Social Justice

“You did this to us…and we can’t fix it without you helping us.”

This was the plea from the leaders of the low-lying Pacific Oceans as they pointed their fingers at other nations represented at the UN Ocean Conference earlier this year, as reported by Sr Libby Rogerson IBVM, who also attended the conference. Their homes are being swallowed by rising sea levels as a result of climate change and they face the imminent need to seek refuge elsewhere and watch their culture disappear.

This week, the Green Team extended an invitation to staff and students to join their regular Thursday meeting to listen to Sr Libby share some of her learnings from her sabbatical at the UN and at the UN Ocean Conference. The UN strive to make the world humane, just and sustainable and not only did Sr Libby provide examples of global environmental issues and social justice issues, she also made it clear how these issues are so often inextricably linked. Many people are well aware of the challenges climate change presents to the fauna through melting polar ice-caps, coral bleaching, changes to migration patterns etc., but the fact that populations across the poorer nations, in particular, are affected through rising sea levels, changing weather patterns and the impact on food security, is less well known.

Another such example is the plight of the indigenous forest peoples of the Amazon who no longer celebrate summer and winter as these seasons are no longer distinct as a result of a changing climate. We also heard how the land on which they live is sold to developers, including for mining and building ranches. Their way of life is destroyed and along with this comes loss of culture. 50% of the 187 human-rights activists killed were defending land from developers – a shocking statistic.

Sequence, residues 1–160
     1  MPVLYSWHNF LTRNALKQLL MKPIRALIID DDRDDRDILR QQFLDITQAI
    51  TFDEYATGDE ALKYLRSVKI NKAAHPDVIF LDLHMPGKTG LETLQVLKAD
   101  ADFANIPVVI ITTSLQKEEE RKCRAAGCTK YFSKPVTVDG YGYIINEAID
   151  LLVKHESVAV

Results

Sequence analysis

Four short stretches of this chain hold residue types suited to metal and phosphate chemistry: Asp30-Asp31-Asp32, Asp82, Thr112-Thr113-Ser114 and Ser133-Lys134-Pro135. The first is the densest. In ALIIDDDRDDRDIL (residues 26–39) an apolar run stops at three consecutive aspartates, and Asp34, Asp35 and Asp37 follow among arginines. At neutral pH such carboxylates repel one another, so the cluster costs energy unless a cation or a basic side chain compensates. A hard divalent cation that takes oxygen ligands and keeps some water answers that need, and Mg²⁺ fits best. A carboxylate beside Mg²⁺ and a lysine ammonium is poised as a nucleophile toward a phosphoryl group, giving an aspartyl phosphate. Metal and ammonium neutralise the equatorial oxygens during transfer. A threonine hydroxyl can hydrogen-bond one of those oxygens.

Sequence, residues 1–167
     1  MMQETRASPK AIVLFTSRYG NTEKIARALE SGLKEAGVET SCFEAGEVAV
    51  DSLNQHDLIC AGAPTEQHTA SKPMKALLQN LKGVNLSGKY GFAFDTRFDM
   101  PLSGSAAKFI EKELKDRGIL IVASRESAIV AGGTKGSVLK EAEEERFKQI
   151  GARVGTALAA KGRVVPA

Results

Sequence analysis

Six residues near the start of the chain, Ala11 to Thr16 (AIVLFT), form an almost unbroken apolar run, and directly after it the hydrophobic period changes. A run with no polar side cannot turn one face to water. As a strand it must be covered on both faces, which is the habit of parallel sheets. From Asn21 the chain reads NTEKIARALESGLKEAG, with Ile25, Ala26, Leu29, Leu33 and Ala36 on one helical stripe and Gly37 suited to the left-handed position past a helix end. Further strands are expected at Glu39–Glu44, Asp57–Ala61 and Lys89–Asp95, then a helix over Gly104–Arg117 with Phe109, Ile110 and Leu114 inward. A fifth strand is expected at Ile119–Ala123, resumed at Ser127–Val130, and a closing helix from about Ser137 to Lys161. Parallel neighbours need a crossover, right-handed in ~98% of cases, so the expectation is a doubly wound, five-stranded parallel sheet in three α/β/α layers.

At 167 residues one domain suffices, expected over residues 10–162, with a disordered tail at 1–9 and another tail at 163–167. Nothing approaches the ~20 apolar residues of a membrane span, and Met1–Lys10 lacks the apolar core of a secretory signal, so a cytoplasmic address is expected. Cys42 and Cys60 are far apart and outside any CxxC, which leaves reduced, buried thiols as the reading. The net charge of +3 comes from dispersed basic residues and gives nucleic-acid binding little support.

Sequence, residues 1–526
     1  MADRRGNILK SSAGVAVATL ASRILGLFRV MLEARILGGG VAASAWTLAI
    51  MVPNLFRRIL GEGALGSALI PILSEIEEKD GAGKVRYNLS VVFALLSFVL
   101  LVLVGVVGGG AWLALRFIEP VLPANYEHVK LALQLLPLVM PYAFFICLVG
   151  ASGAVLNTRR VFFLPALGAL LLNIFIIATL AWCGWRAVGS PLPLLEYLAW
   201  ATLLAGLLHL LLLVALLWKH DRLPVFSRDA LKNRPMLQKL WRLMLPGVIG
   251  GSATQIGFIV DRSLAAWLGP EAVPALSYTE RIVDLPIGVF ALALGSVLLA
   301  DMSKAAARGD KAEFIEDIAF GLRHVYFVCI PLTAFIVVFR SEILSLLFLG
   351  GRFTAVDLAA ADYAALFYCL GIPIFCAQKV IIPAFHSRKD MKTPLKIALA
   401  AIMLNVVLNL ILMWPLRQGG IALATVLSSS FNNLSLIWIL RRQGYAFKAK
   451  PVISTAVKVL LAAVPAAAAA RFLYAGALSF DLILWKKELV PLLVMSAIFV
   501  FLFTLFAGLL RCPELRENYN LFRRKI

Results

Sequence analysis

Climate change is also a threat to the oceans, but there are three more enemies of the marine ecosystems that were discussed at the Ocean Conference: plastics, ghost nets and unsustainable fishing. Many people across the world are very aware of the issue of ocean plastic and its impact on the organisms living within the oceans, but the issue of ghost nets is not something widely known and indeed this was new learning for the audience on Thursday. Sr Libby explained that when nets from commercial fishing vessels becomes tangled, they may be simply cut loose and left to float, trapping seals, turtles and other marine life. There are literally thousands of these in our oceans, and modern nets are made from synthetic, non-biodegradable materials such as nylon so they join the plastic debris too. In Arnhem Land, such nets have floated from far away lands and are routinely dug out of the sand on deserted beaches containing the skeletons of the trapped endangered marine life from the Gulf of Carpentaria. Unsustainable fishing threatens both the animals that are fished, but also the traditional communities that rely heavily on fish as a food source and livelihood who cannot compete with the large commercial fisheries. 

In addition to illustrating major issues using powerful case studies, Sr Libby urged us to take action. We can become conscious consumers of fish, such as canned tuna, by seeking brands carrying the dark blue certification logo from the Marine Stewardship Council (MSC) that is pictured in this article. Another challenge Sr Libby set the audience is to communicate with relevant ministers about Australia’s commitment to the UN’s Sustainable Development Goals, in particular the preparations for the 2018 Voluntary National Review to the High-Level Political Forum (HLPF) on Sustainable Development, with reference to goals #6, #7, #11, #15 and #17. 

 

Mrs Elizabeth Cranfield

Ecology Coordinator